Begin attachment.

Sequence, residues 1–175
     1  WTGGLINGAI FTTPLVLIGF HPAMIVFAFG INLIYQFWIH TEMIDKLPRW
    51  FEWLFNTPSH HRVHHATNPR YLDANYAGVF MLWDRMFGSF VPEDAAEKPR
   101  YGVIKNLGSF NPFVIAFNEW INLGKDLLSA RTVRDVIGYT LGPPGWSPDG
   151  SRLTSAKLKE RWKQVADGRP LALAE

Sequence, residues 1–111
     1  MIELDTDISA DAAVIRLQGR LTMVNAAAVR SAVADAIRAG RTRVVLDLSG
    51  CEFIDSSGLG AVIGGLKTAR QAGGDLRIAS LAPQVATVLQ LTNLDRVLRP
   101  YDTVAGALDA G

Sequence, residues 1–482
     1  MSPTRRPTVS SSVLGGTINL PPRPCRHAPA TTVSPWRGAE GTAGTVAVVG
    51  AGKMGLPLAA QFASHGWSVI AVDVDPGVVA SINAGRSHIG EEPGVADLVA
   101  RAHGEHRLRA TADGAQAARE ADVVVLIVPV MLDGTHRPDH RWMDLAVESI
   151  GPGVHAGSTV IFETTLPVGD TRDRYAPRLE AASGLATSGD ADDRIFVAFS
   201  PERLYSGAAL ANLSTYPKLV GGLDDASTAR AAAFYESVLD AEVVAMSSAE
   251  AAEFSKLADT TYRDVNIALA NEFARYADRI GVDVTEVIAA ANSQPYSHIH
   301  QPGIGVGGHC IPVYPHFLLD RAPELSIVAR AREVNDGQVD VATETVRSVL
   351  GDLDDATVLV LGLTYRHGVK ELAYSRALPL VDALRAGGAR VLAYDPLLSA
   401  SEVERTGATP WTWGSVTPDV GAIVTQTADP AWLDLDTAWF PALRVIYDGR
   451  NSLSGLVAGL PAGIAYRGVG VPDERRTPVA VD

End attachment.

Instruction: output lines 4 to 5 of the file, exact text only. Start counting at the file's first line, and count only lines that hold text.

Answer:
   101  YGVIKNLGSF NPFVIAFNEW INLGKDLLSA RTVRDVIGYT LGPPGWSPDG
   151  SRLTSAKLKE RWKQVADGRP LALAE